Five years on, the Singapore International Jazz Festival – affectionately called Sing Jazz – continues to underline the true diversity of the beautiful genre that is jazz music, its magnitude evident by the quality of amazing shows I had the pleasure of experiencing, even more so for a power-packed weekend that also saw Coldplay and Armin van Buuren performing around other parts of the island.
In a recent interview with Corinne Bailey Rae, who took the main show’s headlining act on the first night, she summed up the secret to playing a memorable live show as being able to vibe off the audience’s energy, and in turn, they’ll vibe back off the performer – and it was extraordinary to see how the many different artists took on the task during the three days. At the centre of it all: the soaring vocals and musicianship by many a woman.
Things start with the English DJ and record label owner Gilles Peterson, as he invited Nubya Garcia and her band up on stage. Nubya is one of the UK’s coolest (and busiest) saxophonists, with a few hot jazz collectives to her name. She plays the flute too, just as proficiently as she carries the tenor saxophone – powerful and earnest – against the funky, soulful tunes of her bandmates and guest singer Poppy Ajudha‘s crooning vocals.
As more audience members started gathering towards the stage, Corinne Bailey Rae emerged dressed in a radiant and very aluminium space suit of sorts, reflecting light from every angle like the angel she is. Alternating between acoustic and electric guitar, the soul singer served up old favourites like Put Your Records On and Is This Love, alongside selections from her first album in six years, The Heart Speaks in Whispers. This includes the uplifting tune The Skies Will Break, as she reached out to the skies with a shining smile to end the set.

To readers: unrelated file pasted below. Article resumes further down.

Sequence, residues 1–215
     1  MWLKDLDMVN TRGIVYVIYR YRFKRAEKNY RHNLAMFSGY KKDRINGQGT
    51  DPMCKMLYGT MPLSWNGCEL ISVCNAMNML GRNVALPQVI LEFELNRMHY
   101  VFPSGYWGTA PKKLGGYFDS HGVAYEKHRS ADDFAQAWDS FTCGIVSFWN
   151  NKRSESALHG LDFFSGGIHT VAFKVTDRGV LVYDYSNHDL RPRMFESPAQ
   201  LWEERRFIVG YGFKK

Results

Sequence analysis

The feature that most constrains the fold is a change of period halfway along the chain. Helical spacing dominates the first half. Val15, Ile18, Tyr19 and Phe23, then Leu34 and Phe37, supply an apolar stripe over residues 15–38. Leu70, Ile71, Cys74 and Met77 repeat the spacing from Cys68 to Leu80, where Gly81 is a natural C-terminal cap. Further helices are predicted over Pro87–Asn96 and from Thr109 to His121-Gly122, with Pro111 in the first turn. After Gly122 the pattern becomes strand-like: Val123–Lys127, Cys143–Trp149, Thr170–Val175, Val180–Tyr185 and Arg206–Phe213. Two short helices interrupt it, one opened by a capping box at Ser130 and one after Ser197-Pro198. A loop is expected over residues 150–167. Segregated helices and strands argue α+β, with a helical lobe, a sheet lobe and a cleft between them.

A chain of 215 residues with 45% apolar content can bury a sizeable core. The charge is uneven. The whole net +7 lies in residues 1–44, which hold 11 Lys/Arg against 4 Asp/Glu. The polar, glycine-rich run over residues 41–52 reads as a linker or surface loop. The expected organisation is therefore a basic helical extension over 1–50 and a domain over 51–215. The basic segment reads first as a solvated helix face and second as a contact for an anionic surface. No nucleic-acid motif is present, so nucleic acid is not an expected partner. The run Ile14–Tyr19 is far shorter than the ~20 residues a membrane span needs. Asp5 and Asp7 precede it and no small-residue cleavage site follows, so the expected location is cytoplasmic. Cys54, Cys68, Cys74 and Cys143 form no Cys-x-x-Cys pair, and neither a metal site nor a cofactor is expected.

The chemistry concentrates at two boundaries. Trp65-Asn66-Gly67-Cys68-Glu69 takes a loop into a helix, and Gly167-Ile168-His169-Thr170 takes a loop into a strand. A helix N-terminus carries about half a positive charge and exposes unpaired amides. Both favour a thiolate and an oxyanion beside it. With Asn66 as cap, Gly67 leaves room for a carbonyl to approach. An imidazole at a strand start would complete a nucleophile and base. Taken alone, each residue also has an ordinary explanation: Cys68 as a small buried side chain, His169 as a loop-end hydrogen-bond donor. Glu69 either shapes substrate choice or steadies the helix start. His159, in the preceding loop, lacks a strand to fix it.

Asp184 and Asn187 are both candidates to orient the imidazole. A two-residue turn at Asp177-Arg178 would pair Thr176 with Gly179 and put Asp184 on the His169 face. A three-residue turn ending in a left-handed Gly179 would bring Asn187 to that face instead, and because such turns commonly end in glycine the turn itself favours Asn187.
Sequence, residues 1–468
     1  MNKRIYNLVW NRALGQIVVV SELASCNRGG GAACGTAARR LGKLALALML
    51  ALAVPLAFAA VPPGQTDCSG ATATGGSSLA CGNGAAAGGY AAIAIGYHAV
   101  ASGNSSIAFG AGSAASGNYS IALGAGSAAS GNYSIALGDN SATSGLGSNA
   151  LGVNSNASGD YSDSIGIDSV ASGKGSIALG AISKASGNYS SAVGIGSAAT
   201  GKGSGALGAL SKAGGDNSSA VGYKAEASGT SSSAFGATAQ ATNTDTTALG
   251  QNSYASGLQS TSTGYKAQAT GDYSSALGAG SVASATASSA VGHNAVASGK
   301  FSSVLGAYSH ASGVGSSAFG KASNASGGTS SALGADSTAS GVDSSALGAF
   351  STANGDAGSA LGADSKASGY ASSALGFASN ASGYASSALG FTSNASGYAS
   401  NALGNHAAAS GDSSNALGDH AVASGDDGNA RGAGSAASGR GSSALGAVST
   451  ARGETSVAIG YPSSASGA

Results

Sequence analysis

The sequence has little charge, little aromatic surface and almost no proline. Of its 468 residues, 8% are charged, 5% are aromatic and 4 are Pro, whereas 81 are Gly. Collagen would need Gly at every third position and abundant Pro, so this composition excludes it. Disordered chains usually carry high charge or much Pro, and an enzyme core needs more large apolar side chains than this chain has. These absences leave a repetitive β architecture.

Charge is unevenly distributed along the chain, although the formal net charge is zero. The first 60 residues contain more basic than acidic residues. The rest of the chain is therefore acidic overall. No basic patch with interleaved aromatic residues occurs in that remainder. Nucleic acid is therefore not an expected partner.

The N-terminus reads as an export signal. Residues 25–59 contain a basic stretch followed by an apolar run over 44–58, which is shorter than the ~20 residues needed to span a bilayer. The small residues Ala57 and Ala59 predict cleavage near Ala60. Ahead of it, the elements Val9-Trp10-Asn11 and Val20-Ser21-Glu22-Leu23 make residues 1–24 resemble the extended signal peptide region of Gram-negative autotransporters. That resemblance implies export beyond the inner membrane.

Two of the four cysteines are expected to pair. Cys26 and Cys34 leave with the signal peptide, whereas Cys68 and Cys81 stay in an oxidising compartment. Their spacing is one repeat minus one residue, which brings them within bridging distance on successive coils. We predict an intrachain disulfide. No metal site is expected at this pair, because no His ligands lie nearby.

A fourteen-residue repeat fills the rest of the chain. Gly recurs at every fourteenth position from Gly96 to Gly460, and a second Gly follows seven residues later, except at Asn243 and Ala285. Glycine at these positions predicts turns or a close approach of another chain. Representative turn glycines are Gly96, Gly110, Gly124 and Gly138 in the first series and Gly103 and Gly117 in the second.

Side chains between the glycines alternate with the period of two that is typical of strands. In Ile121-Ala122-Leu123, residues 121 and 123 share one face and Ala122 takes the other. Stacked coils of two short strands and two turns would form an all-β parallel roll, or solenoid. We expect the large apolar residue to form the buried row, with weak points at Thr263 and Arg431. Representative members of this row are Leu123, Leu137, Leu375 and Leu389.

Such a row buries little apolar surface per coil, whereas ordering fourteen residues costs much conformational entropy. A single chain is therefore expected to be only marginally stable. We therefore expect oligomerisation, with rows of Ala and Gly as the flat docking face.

On Saturday, Esperanza Spalding – the first ever jazz artist to win the Grammy Award for Best New Artist – took the evening slot with her signature combination of voice and bass – contrasting her sharp voice with the lower octaves of her playing (on the bass guitar and the acoustic string bass). And what a delight, as she cooed out the lyrics to Black Gold in soulful glory while thumping out the funkiest lines, before diving into an intensely mesmerising rendition of Unconditional Love.
Esperanza isn’t the only prodigy on the bass either. Nik West, the 24-year-old bassist who’s already collaborated with Prince and Stevie Wonder, hit the stage on the last day after a rocking good time by Adam Hall & The Velvet Playboys (who incidentally featured Singapore’s very own Alemay Fernandez). If I had to describe her in two words, it’d be ‘explosive’ and ‘colourful’.
But the biggest voices that night (heck, for the entire festival) would come during David Foster’s show-closing set, as he brings in one of Indonesia’s most established jazz singers, Dira Sugandi, to belt out tracks from legends Whitney Houston and Celine Dion, and hit money notes like they were nothing. With half an hour left to go, it seemed apt to bring out the night’s star act, the ten-time Grammy Award-winning Chaka Khan, in a peacock dress, no less. And boy, can she sing her heart out, pulling out hit after hit of her best songs – Ain’t Nobody and Through The Fire included. Not like we’ve ever needed confirmation of her singing chops.
Together with the likes of Al McKay’s Earth, Wind & Fire Experience, Basement Jaxx, Ray Parker Jr, and Youssou Ndour, it was clear that the audience was darn satisfied, making Sing Jazz a triumph on every level.
Singapore International Jazz Festival 2017 took place from 31 March to 2 April 2017 at the Event Plaza, Marina Bay Sands and Sands Expo and Convention Centre.